started working at the Jewish United Fund in 1994, on Oct. 10, a day after my
birthday. In that time, I’ve had two marriages, three kids, three pets, eight
places of residence … and one place of work.
could tell you the story of how I came to work here, or how I got my internship
here when I was still in college even before officially becoming an employee.
But these stories — funny as parts of them are — would only be interesting if
you knew the people involved.
could tell you about all the Jewish history I have witnessed while here —
American, Israeli, European, even African. I was in our old office building – just
blocks away from the Sears Tower – on 9/11. I was here when the Ethiopian Jews
were rescued to Israel. I was here when the Soviet Jews were rescued to Israel, America and elsewhere. I have been here through war in Israel, and peace … and
then war again.
could tell you about all the amazing people I have met. Some were dedicated
volunteers. Some were active philanthropists. Some were entertainers or
politicians, and even the ones whose politics I disagreed with were completely
in line with JUF’s mission of providing help and, admittedly, very personable
and nice. I could name-drop enough A-listers I have heard, interviewed and
shaken hands with to warrant its own article.
I had just graduated college, John, the foreman in my dad’s custom furniture, shop
asked me a question:
never went to college,” he said, “So what did you learn? I don’t mean stuff I
could look up in a book. I mean what did you learn?”
made me think for a second.
learned that some people don’t want your help,” I finally replied, “And that
sometimes even if you ask, the answer is ‘No.’”
smiled wryly. “It was worth it. I wish I had known those things at your age.”
in the spirit of John’s question, here is what I have learned in 20 years at JUF:
learned that the capacity for human beings to hope is limitless. I have seen,
over and over in my years here, natural disasters devastating a town, here or abroad.
But every time, JUF raises money and sends volunteers, and Israel sends a field
hospital and recovery crew. We don’t know these people. We just know that they
are people, and that we can help.
learned that societal acceptance and economic prosperity create a positive
feedback loop. The more open a society is, the better off it tends to be
financially. Openness leads to possibility and opportunity, which lead to
inventiveness and adventurousness in academics, the arts, the sciences, and
commerce. Once it’s OK to be who you are, you can become who you want, and
bring everyone along for the ride. The opposite environment — oppression, intolerance,
and just-plain-bullying — creates the opposite, negative result.
learned that people will always surprise you. You never know how people will
react, what they will say, or if their beliefs are consistent or predictable.
So it’s best to be honest and give people the chance to be kind. It’s also best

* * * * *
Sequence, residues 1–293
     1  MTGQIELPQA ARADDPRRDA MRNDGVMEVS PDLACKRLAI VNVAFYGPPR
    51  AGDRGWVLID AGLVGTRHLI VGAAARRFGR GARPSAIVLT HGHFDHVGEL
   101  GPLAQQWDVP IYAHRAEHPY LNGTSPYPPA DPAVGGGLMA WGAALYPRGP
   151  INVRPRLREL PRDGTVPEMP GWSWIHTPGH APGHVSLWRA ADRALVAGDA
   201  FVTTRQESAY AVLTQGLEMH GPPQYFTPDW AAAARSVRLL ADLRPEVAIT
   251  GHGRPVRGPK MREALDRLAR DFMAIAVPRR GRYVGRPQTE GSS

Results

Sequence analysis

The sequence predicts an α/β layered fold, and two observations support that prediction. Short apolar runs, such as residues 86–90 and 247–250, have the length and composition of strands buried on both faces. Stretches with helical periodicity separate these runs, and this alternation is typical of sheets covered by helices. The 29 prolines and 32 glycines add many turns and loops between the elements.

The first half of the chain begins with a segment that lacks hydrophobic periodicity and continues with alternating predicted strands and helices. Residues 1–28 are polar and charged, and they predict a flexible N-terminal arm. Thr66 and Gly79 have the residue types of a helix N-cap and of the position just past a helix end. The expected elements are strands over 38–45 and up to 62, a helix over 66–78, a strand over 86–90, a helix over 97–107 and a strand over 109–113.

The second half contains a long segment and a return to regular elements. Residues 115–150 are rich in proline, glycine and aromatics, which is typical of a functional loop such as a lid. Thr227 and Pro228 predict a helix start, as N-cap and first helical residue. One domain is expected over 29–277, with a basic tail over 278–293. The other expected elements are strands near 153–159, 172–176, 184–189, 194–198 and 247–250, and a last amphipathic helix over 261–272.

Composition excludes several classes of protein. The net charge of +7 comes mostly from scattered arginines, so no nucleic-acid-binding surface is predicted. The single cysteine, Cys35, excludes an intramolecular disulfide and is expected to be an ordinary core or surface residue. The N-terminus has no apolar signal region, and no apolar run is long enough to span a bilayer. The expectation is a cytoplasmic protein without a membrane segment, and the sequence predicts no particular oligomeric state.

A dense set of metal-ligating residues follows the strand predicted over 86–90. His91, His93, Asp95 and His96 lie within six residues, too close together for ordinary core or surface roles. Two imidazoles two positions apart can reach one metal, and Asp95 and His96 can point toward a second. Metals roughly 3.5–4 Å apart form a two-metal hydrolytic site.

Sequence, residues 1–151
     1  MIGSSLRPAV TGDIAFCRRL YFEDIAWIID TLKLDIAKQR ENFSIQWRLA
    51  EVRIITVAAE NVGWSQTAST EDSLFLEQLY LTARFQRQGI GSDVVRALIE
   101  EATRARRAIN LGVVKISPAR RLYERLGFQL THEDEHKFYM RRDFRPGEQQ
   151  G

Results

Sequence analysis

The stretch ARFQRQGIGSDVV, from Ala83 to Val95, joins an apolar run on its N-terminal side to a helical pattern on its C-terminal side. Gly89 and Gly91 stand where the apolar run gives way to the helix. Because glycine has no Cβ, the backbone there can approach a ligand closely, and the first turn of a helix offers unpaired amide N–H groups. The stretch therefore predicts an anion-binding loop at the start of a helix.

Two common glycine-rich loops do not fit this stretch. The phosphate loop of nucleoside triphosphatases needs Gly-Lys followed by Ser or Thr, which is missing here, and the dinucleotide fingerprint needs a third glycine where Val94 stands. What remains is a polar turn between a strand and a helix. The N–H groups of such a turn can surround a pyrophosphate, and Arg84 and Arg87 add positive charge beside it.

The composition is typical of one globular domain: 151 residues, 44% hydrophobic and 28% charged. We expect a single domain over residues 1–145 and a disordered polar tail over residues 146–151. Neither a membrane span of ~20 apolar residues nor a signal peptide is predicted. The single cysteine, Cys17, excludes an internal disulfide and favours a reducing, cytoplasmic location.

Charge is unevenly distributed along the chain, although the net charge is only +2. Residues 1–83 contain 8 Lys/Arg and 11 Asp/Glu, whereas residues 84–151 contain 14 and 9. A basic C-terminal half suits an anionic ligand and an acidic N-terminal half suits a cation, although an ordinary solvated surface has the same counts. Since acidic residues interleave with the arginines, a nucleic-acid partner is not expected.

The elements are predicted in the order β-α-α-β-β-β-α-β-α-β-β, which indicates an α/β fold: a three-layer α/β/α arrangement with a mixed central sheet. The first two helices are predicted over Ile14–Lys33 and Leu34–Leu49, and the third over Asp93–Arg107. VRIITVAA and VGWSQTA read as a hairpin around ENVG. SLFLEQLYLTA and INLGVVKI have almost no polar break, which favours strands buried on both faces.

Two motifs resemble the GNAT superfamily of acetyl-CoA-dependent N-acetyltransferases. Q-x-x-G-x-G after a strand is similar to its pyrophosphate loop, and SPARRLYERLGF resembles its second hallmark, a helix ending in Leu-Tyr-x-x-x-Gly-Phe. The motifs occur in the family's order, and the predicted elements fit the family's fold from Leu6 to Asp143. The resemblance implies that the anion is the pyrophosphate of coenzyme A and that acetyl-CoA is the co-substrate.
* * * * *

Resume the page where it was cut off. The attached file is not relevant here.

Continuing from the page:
to really listen — almost every time I have mentally finished someone else’s
sentence, I’ve been wrong.
learned that everyone pretty much agrees on what the problems facing society
are; they just have different ways of trying to solve those problems. They are
coming at the same issue from another angle, and until you trace their beliefs
and methods back to their sources, you are never going to appreciate that. You
can’t ever argue people out of their beliefs, even with evidence. What you can
do is find out why they hold those
views so strongly (hint: it’s usually fear) and then work to remove that fear.
learned that while individuals can inspire, it is groups that accomplish, especially
learned that all the good intentions in the world cannot feed one hungry
person, but even one dollar can.
learned that any excuse is good enough to avoid helping, and any reason is good
enough to start.
learned that hate is usually the result of ignorance, and that culture — including
cuisine, music, and other arts — is far from inessential and dismissible. Experiencing
another’s culture, distinct as it may seem from one’s own, is the best tool for
forming friendships across barriers. With every “Oh! We do that, too!” the
barriers are revealed to be much smaller than we’d imagined.
learned that when you believe in other people, and say so, it helps them
believe in themselves.
learned that Judaism works. Something about this set of rules and rituals and
stories and songs and judges and jesters — all swirled together in an alchemy
of uncertain proportions — led to the creation of the Jewish people, one of the
most productive and resilient groups planet Earth has ever hosted. Even with
every empire throwing all its laws and armies at us, we are still here, and
they are in museums (that we are on the boards of). And not just here, but thriving and
contributing to the world well beyond what the some might presume our percentage of the population
title of this post, of course, also opens the Beatles’ Sgt. Pepper album. That album contains the question: “Will you still need me when I’m 64?” I hope the
problems that JUF addresses — poverty, persecution, passivity — are all solved
by then. But in case they are not, I know that JUF will still be here, just as
it has been since 1900 (and I think I
know what longevity is), holding up the banner of hope.